By the time Browne recorded Take It Easy for his sophomore album For Everyman, which appeared in October 1973, the Eagles had released the tune as their first single in May 1972. It gave them their first hit peaking at no. 12 on the Billboard Hot 100 and one of their signature songs. Originally, Browne began writing the tune for his eponymous debut album. But he got stuck with it, so played it to his friend Glenn Frey, who ended up finishing it. When Browne finally recorded the song, he also released it as a single, but it didn’t chart – perhaps it sounds pretty similar to the Eagles‘ version.

Fountain of Sorrow is a great track from Browne’s third studio Late for the Sky. Released in September 1974, it was his first top 20 record in the U.S., climbing to no. 14 on the Billboard 200. Like Take It Easy, the tune also appeared separately as a single but did not chart either.

In November 1976, Browne released The Pretender, his fourth studio album. It was his first major album chart success, climbing to no. 5 on the Billboard 200, and marking his first record to chart in the U.K., where it reached no. 26. Here’s the title track, which also became the second single. It did moderately well, reaching no. 58 on the Billboard Hot 100 – love that tune!

Next is the album that started my Jackson Browne journey: The amazing Running on Empty from December 1977. Frankly, I could list each tune on that record, so let’s go with one that is a less obvious choice: The Road, written by American singer-songwriter Danny O’Keefe. Themed around life on the road as a touring musician, Running on Empty was an unusual record featuring live recordings on stage and in other locations associated with touring, such as hotel rooms, tour buses or backstage. The first 2:28 minutes of The Road were captured in a hotel room in Columbia, Md., while the remainder was recorded live at Garden State Arts Center in Holmdel, N.J., which nowadays is known as PNC Bank Arts Center and a venue where I’ve seen many great shows.

In June 1980, Browne released Hold Out, his sixth studio album. While the record received poor reviews from music critics, ironically, it became his only no. 1 album in the U.S. It also was Browne’s second record to chart in the U.K. Here’s Of Missing Persons, a beautiful tribute to Little Feat co-founder Lowell George, a collaborator and longtime friend of Browne’s who had passed away the year before. The tune was specifically written for George’s then six-year-old daughter Inara George who since became a music artist as well.

For many years, Jackson Browne has been a political activist, e.g., speaking up against the use of nuclear power and supporting environmental causes. But it wasn’t until the ’80s that political themes starting to play a more dominant role in Browne’s lyrics. The album that comes to my mind first in that context is Lives in the Balance, which came out in February 1986. Here’s the catchy opener For America. It also became the lead single and reached no. 30 on the Billboard Hot 100.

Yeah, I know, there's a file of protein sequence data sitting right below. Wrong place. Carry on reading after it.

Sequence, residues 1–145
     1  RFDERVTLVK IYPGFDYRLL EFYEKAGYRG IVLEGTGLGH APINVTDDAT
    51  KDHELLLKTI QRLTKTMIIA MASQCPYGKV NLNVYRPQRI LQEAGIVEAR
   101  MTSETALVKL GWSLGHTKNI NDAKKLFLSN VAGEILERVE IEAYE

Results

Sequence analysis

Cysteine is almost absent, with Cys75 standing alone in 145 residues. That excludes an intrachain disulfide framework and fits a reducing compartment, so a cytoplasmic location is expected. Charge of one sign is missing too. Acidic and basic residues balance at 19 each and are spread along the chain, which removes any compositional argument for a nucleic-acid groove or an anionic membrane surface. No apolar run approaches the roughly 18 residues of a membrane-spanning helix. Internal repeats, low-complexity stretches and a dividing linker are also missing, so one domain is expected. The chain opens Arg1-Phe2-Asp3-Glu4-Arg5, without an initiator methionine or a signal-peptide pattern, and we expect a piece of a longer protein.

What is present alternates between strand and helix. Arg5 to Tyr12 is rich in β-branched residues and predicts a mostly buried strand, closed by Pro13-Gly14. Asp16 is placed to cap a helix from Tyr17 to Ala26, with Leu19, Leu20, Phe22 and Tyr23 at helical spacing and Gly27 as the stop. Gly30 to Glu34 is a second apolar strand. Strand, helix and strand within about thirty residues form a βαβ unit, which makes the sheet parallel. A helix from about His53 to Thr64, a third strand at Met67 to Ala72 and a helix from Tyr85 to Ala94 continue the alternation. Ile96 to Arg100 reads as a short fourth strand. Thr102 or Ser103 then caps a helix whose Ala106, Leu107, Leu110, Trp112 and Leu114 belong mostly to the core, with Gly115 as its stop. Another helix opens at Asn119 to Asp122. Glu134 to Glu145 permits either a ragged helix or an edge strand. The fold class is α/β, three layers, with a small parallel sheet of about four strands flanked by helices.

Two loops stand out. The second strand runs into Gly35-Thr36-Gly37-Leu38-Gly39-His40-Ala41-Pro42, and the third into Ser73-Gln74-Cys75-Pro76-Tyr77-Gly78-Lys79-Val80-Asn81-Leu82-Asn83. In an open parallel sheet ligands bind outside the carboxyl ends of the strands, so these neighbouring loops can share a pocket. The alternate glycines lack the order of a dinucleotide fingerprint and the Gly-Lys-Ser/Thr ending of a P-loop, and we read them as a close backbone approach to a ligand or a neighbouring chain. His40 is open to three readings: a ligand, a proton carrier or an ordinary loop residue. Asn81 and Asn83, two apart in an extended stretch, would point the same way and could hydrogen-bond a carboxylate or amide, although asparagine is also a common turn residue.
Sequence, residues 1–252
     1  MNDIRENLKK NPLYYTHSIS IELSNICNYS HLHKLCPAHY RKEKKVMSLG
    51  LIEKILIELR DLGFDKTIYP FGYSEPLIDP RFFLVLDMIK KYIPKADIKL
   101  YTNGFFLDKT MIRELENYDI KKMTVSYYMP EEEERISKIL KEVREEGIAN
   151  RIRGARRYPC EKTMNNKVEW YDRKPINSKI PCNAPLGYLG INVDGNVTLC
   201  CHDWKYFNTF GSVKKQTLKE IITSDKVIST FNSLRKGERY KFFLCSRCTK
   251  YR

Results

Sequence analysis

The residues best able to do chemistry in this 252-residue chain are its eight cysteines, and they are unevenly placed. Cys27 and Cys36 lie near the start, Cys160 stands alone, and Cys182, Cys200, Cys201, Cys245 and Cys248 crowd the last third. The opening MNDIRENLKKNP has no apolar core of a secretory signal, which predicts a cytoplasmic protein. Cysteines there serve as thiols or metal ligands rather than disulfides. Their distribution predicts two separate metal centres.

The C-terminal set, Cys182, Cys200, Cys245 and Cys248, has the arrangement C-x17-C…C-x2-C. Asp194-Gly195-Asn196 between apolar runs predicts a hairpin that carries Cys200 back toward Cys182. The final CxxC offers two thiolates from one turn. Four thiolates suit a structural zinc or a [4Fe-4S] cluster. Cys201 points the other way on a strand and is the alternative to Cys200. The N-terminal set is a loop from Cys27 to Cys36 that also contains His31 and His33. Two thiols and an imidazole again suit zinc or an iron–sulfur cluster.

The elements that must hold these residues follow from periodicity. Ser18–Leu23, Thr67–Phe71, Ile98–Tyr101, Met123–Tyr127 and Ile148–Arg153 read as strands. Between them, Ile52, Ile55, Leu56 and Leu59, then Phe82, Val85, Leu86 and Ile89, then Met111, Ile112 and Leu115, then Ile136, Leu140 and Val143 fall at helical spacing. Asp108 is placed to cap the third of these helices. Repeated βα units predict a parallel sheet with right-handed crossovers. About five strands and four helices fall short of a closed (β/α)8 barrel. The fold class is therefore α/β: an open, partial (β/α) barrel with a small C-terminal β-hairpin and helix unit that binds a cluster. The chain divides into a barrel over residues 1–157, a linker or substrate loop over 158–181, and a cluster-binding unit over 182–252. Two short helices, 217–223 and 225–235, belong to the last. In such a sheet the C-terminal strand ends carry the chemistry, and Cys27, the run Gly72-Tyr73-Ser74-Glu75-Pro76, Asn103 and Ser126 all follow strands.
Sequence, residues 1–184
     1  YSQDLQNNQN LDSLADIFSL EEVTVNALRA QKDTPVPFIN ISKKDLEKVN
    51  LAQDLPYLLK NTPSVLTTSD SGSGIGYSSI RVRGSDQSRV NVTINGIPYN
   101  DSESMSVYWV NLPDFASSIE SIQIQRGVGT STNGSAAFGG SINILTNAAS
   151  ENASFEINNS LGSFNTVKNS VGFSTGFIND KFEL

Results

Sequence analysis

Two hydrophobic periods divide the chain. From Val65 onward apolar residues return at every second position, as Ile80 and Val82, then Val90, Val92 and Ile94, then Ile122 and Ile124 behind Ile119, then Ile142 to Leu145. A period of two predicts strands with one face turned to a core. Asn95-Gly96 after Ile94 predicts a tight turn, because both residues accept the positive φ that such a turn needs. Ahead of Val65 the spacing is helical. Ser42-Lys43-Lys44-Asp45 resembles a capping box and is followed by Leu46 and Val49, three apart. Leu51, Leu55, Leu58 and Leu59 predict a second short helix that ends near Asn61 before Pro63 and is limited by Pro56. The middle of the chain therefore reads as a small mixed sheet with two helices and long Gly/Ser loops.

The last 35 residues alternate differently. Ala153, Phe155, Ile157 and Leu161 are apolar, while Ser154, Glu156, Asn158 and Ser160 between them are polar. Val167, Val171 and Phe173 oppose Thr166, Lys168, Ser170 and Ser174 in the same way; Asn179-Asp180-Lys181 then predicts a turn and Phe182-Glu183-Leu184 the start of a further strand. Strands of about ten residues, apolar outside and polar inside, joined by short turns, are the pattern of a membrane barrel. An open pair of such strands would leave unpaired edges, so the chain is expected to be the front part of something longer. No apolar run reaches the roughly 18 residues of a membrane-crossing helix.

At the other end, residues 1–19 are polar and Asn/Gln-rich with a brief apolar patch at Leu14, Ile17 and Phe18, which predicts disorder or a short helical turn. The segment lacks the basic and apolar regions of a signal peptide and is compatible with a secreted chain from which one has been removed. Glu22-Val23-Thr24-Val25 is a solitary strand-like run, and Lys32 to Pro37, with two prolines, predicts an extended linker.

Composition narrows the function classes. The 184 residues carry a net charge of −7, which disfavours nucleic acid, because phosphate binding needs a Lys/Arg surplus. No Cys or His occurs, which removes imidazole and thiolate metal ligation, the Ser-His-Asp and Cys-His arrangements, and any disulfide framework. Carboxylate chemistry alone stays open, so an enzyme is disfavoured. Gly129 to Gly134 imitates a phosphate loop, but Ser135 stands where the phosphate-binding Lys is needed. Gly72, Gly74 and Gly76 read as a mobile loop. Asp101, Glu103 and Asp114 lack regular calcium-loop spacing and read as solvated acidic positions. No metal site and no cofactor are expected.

For the next tune, I’m jumping to the ’90s, specifically to February 1996 and Browne’s 11th studio album Looking East. Like many of his previous records, it featured various notable guests, such as Bonnie Raitt, David Crosby, Ry Cooder and Mike Campbell. Here is Baby How Long, for which Cooder provided a great slide guitar part and Raitt sang harmony vocals, together with Australian singer Renée Geyer.

Let’s do two more from the current millennium. First up: The title track from The Naked Ride Home, Browne’s 12th studio album from September 2002, which my streaming music provider served up as a listening suggestion that in turn triggered the idea to do this post.

The final song I’d like to highlight is from Browne’s most recent 14th studio album Standing in the Breach, which was released in October 2014. Here is the nice opener The Birds of St. Marks. Originally, Browne wrote that tune in 1967 after his breakup with Nico and return from New York to California. While first released on his 2005 live album Solo Acoustic, Vol. 1., it wasn’t until this 2014 studio album that Browne properly recorded the tune. “This is a song I always heard as a Byrds song, and that was even part of the writing of the song,” Brown told Rolling Stone in an August 2014 interview. Standing in the Breach became a remarkable late-stage career chart success, reaching no. 15 on the Billboard 200 and no. 31 in the U.K.

Earlier this year, in the wake of testing positive for COVID-19 (though luckily with relatively light symptoms), Browne released A Little Soon to Say, a song from his next studio album scheduled for October 9, which I featured in this previous Best of What’s New installment. To date Browne has sold more than 18 million albums in the U.S. alone. Apart from the above mentioned Rock & Roll Hall of Fame induction, Browne has also been inducted into the Songwriters Hall of Fame in June 2007. He is ranked at no. 37 in Rolling Stone’s 2015 list of 100 Greatest Songwriters of All Time.

Sources: Wikipedia; Rolling Stone; YouTube